So, somehow it did not surprise me to learn that a distant cousin I’ve never met -- Jeremiah Zagar -- made a documentary titled In a Dream that chronicles the meltdown of his nuclear family. My maternal grandmother was a half-sister of his maternal grandfather, ancestors who both died before we were born. In the 20th century, the entire clan left Poland (just a few steps ahead of the Nazis, who would obliterate their Jewish shtetl) and landed in America. Later, my immediate kin remained in New York while his settled in Pennsylvania.

And that’s where the cinematic story unfolds, amid the amazing mosaics that Jeremiah’s dad, Isaiah, has fashioned on the outside walls of more than 100 buildings. Tourists from all over the world come to admire 40,000 square feet of these murals, collectively known as as the Philadelphia Magic Gardens, crafted from shards of pottery, tile, mirror and colored glass. Jeremiah’s wrenching portrait of the artist as a tormented man witnesses his parents’ marriage unraveling, his father’s subsequent crisis of creativity and his older brother Ezekiel’s drug addiction. The complexity of the human psyche is, as usual, beyond understanding. When Isaiah reveals he’s having an affair, his wife Julia orders him to move out. The guy then falls apart, before finally realizing she has been the glue holding him together even more firmly than the cement that binds the bits of beautiful detritus in his Magic Garden.

Saturday, May 12, 2012

As the Years Go Passing By

For all the current readers of Critics at Large, we've resurrected the Luna Sea Notes website to publish previous C @ L posts. The idea is to introduce readers to pieces they may have missed from earlier in our incarnation. Since we now have a huge body of work to draw from, the goal is to post articles that may also have some relevance to events of the day.

The subject of time has been a consistent theme in literature, theater and the movies. Last summer, two pictures released on DVD were examined by Kevin Courrier as sublime explorations into all things that pass away. 

The Afflictions of Time: Criterion's DVD Release of The Music Room & The Makioka Sisters

In the opening scenes of Satyajit Ray's flawed, yet intimately haunting, The Music Room (1958), an aging Bengali feudal landlord (zamindar), Biswambhar Roy (Chhabi Biswas), sits with his back to us in a large chair on the roof of his dilapidated mansion. He puffs away on his hookah, lost in time, while time is clearly running out on his era of wealth and power. Set in the late 1920s, the zamindar's only connection to the comforts and pleasures of his class privilege is the music concerts he presents in his home. The music room, which holds within it the fleeting power of nostalgia, transports Roy from the afflictions of time to the more nobler moments in his past, while his present life decays around him. (It is perhaps a rich irony, not lost here, that it was the feudal classes, so influenced by the West, that actually kept Indian classical music alive.)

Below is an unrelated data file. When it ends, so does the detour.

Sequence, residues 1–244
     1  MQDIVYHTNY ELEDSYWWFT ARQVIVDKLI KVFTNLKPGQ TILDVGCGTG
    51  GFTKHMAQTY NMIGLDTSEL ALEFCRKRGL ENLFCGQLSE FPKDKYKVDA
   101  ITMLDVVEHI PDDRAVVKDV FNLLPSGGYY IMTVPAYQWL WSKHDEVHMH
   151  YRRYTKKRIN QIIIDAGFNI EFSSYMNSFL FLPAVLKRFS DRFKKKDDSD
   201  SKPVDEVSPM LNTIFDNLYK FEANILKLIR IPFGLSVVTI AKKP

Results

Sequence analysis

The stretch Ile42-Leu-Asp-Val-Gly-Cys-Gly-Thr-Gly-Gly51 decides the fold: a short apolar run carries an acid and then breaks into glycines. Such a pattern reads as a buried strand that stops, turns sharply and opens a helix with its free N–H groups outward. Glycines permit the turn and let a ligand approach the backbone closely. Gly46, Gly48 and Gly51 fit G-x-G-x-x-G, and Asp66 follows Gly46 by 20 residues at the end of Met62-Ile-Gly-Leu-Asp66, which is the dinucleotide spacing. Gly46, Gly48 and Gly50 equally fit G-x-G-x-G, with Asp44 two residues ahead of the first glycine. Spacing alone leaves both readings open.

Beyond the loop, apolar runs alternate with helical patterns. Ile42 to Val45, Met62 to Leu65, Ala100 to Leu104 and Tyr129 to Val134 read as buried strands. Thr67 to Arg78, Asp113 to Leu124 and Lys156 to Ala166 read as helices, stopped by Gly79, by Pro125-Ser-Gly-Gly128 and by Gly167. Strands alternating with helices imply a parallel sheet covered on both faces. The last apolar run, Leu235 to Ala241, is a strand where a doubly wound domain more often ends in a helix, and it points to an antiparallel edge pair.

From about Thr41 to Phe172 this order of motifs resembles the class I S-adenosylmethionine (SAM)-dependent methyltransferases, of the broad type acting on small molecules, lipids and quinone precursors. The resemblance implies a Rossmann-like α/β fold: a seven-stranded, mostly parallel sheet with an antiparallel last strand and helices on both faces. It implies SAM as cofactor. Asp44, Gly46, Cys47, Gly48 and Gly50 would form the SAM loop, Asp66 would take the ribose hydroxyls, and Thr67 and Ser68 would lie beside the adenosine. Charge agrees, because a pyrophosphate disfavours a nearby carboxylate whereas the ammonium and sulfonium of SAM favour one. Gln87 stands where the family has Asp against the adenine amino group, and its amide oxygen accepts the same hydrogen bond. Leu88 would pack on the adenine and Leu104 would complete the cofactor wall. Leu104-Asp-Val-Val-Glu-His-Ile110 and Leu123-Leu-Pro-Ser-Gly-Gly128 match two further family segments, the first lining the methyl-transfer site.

The Music Room, which Ray made between the second and third films of his justly acclaimed The Apu Trilogy, may (as critic Pauline Kael once suggested) reflect the same themes of cultural futility as Chekhov's The Cherry Orchard. But if that's so, The Music Room is The Cherry Orchard seen through the gothic sensibility of Edgar Allan Poe's "The Fall of the House of Usher." The Music Room (which Criterion has just released this summer in both regular and Blu-ray) is about how a once powerful aristocrat stubbornly clings to the past through his opulent staging of musicales. But, in doing so, he destroys his family and his life.

Chhabi Biswas as Roy
Since Ray is one of the great humanists among major film directors, he doesn't take a churlish view towards this innocently infantile lord. Rather, as he would later do in Devi (1960) and The Home and The World (1984), Ray brings a sophisticated understanding of the psychological dynamics at work in the story. As with any great dramatist, Satyajit Ray skillfully illuminates the folly of the zamindar rather than examining him objectively, or simply condemning him on our behalf. He achieves something empathetic and similar to what Visconti did with the ageing, much more noble Prince of Salina (Burt Lancaster) in The Leopard (1963).